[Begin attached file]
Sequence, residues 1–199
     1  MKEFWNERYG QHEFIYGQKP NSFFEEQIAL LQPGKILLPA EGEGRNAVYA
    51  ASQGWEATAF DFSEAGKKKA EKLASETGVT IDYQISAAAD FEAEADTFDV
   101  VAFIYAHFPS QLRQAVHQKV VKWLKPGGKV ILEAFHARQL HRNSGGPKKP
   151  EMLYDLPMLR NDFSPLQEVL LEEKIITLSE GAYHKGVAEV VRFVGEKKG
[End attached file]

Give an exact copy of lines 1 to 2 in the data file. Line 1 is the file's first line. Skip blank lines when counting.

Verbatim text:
Sequence, residues 1–199
     1  MKEFWNERYG QHEFIYGQKP NSFFEEQIAL LQPGKILLPA EGEGRNAVYA